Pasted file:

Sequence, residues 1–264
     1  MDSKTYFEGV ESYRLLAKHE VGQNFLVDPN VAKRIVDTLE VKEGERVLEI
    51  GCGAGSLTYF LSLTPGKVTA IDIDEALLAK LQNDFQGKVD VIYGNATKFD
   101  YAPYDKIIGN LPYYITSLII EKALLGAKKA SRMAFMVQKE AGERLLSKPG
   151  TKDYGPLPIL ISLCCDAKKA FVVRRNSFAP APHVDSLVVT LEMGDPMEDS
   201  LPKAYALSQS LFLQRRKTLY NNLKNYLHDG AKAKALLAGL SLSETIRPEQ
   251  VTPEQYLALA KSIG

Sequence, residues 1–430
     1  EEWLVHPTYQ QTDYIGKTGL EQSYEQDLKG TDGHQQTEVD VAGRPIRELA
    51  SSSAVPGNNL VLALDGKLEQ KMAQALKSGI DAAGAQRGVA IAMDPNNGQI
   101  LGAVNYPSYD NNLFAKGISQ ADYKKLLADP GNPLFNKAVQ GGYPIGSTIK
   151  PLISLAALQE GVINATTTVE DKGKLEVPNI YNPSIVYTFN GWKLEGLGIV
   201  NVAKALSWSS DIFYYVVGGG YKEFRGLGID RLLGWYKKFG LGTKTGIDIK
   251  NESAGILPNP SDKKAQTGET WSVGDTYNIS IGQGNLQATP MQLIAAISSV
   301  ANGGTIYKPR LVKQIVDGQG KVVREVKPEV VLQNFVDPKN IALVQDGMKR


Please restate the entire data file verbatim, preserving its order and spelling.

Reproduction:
Sequence, residues 1–264
     1  MDSKTYFEGV ESYRLLAKHE VGQNFLVDPN VAKRIVDTLE VKEGERVLEI
    51  GCGAGSLTYF LSLTPGKVTA IDIDEALLAK LQNDFQGKVD VIYGNATKFD
   101  YAPYDKIIGN LPYYITSLII EKALLGAKKA SRMAFMVQKE AGERLLSKPG
   151  TKDYGPLPIL ISLCCDAKKA FVVRRNSFAP APHVDSLVVT LEMGDPMEDS
   201  LPKAYALSQS LFLQRRKTLY NNLKNYLHDG AKAKALLAGL SLSETIRPEQ
   251  VTPEQYLALA KSIG

Sequence, residues 1–430
     1  EEWLVHPTYQ QTDYIGKTGL EQSYEQDLKG TDGHQQTEVD VAGRPIRELA
    51  SSSAVPGNNL VLALDGKLEQ KMAQALKSGI DAAGAQRGVA IAMDPNNGQI
   101  LGAVNYPSYD NNLFAKGISQ ADYKKLLADP GNPLFNKAVQ GGYPIGSTIK
   151  PLISLAALQE GVINATTTVE DKGKLEVPNI YNPSIVYTFN GWKLEGLGIV
   201  NVAKALSWSS DIFYYVVGGG YKEFRGLGID RLLGWYKKFG LGTKTGIDIK
   251  NESAGILPNP SDKKAQTGET WSVGDTYNIS IGQGNLQATP MQLIAAISSV
   301  ANGGTIYKPR LVKQIVDGQG KVVREVKPEV VLQNFVDPKN IALVQDGMKR